If there is one technique that is emblematic of the tuba and euphonium’s contemporary capabilities, it is the vocal multiphonic. The vocal multiphonic has been a part of the brass repertoire since the 1800s (notably appearing in Carl Maria von Weber’s Concertino for Horn and Orchestra in 1815). The large mouthpiece and conical bore of the tuba family make it a prime target for its usage in the contemporary repertoire.
In this technique, the performer sings while simultaneously buzzing a note. A variety of different chordal sounds may be achieved. Perfect intervals and major/minor chordal tones (major/minor 3rds and 7ths) tend to be the most stable and harmonically-rich, while close and/or dissonant intervals lead to a variable amount of difference tones. In general practice, the sung note is almost always placed above the buzzed note in pitch. However, this is not a strict rule, and although more difficult to perform in general, it is certainly possible to sing below a buzzed note.
Since the vocal multiphonic is seen in several standard works of the solo tuba and euphonium repertoire, it is rare to find a professional-level performer that can’t perform this technique. That being said, a few guidelines are helpful in the creation of an ideal vocal multiphonic. Care must be taken to accommodate the wide vocal range of the tuba/euphonium community—for instance, many mid-twentieth century solo works utilize vocal multiphonics that were written almost exclusively for the male voice, needlessly excluding the growing population of non-male performers on the tuba and euphonium. This can be accommodated for by either limiting the multiphonic to a narrow range of pitches, or allowing for octave displacement of the vocal multiphonic.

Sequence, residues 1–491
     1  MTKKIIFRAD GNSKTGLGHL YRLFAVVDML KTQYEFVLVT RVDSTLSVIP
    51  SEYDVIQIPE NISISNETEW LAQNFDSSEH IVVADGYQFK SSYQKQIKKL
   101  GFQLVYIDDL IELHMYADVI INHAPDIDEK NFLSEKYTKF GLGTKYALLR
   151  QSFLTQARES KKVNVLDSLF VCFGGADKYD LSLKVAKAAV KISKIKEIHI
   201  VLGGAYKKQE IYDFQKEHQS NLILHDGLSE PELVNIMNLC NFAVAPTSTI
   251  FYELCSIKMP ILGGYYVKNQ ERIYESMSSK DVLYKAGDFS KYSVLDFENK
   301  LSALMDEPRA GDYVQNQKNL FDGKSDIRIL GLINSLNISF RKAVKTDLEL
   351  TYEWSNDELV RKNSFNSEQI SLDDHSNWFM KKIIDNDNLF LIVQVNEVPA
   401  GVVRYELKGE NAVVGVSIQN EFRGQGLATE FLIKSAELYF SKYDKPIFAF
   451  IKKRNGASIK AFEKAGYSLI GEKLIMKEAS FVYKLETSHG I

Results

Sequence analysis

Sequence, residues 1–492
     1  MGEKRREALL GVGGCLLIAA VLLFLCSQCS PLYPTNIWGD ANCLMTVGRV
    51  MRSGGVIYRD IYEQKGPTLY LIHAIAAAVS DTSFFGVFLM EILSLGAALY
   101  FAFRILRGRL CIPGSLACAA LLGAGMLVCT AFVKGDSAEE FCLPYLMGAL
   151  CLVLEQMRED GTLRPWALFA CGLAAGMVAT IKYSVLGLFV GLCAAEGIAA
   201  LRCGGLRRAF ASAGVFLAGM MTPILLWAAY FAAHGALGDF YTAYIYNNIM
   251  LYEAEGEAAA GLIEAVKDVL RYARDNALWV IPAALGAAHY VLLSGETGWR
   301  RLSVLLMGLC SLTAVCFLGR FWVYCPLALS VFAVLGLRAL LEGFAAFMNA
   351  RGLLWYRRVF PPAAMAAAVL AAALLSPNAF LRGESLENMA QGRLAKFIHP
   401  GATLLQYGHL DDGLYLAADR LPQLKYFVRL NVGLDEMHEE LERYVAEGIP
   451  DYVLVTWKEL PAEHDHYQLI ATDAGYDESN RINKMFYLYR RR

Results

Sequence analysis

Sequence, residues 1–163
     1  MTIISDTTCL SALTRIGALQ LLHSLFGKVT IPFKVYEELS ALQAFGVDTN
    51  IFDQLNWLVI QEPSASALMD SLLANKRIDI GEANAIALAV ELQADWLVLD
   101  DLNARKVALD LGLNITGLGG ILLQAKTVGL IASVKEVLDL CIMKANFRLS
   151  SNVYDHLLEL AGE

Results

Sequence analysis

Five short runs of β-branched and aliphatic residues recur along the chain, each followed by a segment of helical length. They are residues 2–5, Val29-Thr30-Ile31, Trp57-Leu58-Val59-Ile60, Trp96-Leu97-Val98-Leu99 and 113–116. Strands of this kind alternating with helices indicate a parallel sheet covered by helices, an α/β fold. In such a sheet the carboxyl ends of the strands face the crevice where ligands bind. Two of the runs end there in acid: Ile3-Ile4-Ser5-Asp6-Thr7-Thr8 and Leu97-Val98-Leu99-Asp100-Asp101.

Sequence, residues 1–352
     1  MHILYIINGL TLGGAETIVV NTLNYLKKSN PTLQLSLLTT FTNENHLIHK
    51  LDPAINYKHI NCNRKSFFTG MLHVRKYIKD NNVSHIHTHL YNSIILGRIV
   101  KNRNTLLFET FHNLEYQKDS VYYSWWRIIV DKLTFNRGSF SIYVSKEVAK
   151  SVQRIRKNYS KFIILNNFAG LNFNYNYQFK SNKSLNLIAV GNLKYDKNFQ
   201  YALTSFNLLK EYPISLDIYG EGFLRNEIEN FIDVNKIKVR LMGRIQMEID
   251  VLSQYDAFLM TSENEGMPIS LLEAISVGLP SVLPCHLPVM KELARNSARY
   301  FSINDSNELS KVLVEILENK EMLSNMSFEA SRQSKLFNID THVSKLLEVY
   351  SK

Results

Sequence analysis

Although many professional and advanced tubists/euphonists are more than capable of performing vocal multiphonics, it must be said that extended and/or highly active multiphonics may be difficult for some to perform. Extremely florid sung phrases may also not sound clearly, given the low range of the instruments. Additionally, combining sung and buzzed lines that are highly independent from one another may become exponentially difficult to perform, especially for those unused to such figures.
Another major guideline to follow when writing vocal multiphonics is a consideration of the relative dynamics of the technique. Because of the interference caused by the buzzing lips and the nature of the instrument itself, a typical vocal multiphonic must be sung at a louder relative volume than the buzz in order to be heard at an equal dynamic level on the bell end of the instrument. When done for too long, this can lead to fatigue, and even physical harm on behalf of the performer. For this reason, sustained vocal multiphonics often work best when written at a medium-to-low dynamic, and when a louder dynamic is required, shorter durations work better than longer durations.
The convention for notating vocal multiphonics is to use either diamond shape or X-head noteheads for the sung component. This has been the standard since the earliest uses of the technique in the solo repertoire (particularly in William Kraft’s Encounters II for tuba and James Curnow’s Symphonic Variants for euphonium), and as such is instantly recognizable as a vocal multiphonic to the professional tubist and euphonist. If an alternate notation is used, it must be properly annotated. In some works, the sung portion is notated either above the staff or on a separate stave, and as long as it is made clear that the sung portions exist on the separate stave, this technique is also acceptable. This is in line with the guidelines found in Elaine Gould’s Behind Bars.
Intermediate to Professional
Works to consider (bolded titles are particularly representative examples of this technique)
Encounters II – William Kraft
Symphonic Variants – James Curnow
Concert Variations – Jan Bach